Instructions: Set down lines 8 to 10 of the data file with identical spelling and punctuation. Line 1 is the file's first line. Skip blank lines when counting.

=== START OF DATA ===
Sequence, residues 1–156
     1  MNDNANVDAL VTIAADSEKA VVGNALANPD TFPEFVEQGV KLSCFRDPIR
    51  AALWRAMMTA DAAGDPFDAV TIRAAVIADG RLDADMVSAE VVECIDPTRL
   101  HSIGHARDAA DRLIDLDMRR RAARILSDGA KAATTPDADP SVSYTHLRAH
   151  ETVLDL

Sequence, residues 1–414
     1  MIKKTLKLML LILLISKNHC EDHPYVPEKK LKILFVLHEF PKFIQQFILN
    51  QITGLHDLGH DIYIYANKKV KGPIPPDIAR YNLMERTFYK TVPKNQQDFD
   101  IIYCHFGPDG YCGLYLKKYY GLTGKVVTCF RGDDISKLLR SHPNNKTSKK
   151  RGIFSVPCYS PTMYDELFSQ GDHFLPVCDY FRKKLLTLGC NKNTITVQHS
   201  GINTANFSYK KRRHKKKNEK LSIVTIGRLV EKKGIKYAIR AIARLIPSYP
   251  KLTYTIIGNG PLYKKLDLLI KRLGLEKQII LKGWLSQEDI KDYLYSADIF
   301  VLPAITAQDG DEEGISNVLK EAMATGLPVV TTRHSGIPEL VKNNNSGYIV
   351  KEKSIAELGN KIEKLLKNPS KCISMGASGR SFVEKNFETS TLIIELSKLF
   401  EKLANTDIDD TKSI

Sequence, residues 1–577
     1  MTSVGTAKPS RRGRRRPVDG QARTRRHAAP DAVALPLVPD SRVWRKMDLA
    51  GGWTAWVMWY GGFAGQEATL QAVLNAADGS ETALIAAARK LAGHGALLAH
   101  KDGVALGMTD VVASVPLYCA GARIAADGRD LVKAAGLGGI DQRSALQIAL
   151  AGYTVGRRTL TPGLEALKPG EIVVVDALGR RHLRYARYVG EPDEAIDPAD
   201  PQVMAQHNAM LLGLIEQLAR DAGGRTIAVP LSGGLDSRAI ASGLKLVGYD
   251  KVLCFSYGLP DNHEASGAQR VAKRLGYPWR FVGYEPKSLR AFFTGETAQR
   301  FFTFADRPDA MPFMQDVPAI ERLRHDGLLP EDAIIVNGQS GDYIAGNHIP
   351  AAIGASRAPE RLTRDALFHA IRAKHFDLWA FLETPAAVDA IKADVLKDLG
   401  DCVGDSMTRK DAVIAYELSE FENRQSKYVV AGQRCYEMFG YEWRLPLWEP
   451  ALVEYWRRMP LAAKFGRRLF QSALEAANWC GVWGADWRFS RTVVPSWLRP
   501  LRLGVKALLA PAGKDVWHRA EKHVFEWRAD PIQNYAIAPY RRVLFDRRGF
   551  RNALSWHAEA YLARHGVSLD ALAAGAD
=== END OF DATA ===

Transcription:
    51  QITGLHDLGH DIYIYANKKV KGPIPPDIAR YNLMERTFYK TVPKNQQDFD
   101  IIYCHFGPDG YCGLYLKKYY GLTGKVVTCF RGDDISKLLR SHPNNKTSKK
   151  RGIFSVPCYS PTMYDELFSQ GDHFLPVCDY FRKKLLTLGC NKNTITVQHS